Teenage diet problems often last into adulthood
Teenagers who develop eating disorders – such as extreme dieting, weight control and binge eating – can be damaging their health in the long term, according to a new report published this month in the Journal of the American Dietetic Association.
The study shows that dieting and disordered eating was high among the study population (2,287 young adults) and remained constant over time, affecting not just adolescence, but young adult life as well. The most alarming statistic was the increase, not decrease, in weight control behaviors. The use of diet pills, for example, more than tripled in the 10-year period with nearly half of the study’s female participants admitting to having dieted in the past year. Ironically, such behavior is often counterproductive, as most of the dieting is short term and unsuccessful.
“An eating disorder is a multi-level problem and the root of the issue needs to be addressed at each separate stage,” says lead researcher at the University of Minnesota’s School of Health Dianne Neumark-Sztainer. The problem often stems from pre-adolescence, as children are born into a society where being thin is highly regarded. “Small steps towards prevention should begin at home; never should parents speak to their child about weight.”
“Loosely speaking, one third fully recover, one third are in the recovery stage and one third don’t recover from their eating disorder,” says Neumark-Sztainer. In her opinion, full recovery can be achieved with therapy acting as a key component to the rehabilitative process. “Most people fully recover and many go in to working within the field either as counselors or researchers.”
One expert’s story
As a teenager, Abby Ellin’s backpacking ‘essentials’ included sarongs, bikinis, her Walkman and scales. She went on her first diet at age 10 and her grandmother would regularly make her step on the scales. “How an eating disorder develops into adolescence and young adulthood depends on the environment the person grew up in combined with personality traits,” Ellin tells Metro. Someone who is a perfectionist, worries a lot, is rigid and ambitious – all this together could create a pre-disposition towards extreme, controlling behavior, especially when negative remarks concerning appearance are made on top of that.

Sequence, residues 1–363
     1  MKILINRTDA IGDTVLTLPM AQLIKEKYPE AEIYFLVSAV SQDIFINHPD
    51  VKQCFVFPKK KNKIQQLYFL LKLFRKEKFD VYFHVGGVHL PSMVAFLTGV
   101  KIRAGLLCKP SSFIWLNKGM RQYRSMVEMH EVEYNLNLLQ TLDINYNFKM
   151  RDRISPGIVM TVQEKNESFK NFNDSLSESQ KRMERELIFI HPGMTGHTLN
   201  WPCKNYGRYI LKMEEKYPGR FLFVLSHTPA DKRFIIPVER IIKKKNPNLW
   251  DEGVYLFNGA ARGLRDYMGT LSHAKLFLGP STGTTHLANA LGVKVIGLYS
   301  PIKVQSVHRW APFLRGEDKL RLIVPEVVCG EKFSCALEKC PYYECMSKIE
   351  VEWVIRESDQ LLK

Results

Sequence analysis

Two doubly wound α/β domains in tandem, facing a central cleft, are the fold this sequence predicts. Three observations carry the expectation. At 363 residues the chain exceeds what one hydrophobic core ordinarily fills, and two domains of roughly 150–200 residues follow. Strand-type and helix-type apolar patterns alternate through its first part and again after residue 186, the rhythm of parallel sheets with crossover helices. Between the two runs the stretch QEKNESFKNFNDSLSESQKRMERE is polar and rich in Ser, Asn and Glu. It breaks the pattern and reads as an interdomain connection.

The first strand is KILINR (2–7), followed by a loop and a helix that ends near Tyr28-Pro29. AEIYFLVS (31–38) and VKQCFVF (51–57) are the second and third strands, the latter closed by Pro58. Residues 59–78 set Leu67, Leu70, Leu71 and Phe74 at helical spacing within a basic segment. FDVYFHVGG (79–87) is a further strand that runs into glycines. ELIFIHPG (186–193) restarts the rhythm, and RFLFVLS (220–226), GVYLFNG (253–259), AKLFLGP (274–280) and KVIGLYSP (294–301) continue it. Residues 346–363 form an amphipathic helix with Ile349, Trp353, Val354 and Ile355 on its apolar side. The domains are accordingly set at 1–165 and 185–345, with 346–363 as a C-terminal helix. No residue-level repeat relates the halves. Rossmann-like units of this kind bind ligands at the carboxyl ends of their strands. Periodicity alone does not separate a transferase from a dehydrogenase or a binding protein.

Ellin’s definition of ‘recovery’ is on the opposite end of the spectrum to Neumark-Sztainer. “If there were a cure to solving eating disorders, that person would be a millionaire. Full recovery is getting to a place where you don’t compulsively think about food every day. You may be healthy, but as long as food and weight remain at the forefront of your mind, you are ‘recovering’. Not recovered.”
For her, those who have ‘recovered’ yet end up working within the field are still thinking about their past issues. “Full recovery means not thinking about food at all. That said, it’s impossible to get into another’s’ mind. Maybe they have fully recovered.”
** Abby Ellin is a journalist and writer for The New York Times and author of Teenage Waistland: A Former Fat Kid Weighs In on Living Large, Losing Weight and How Parents Can (and Can’t) Help.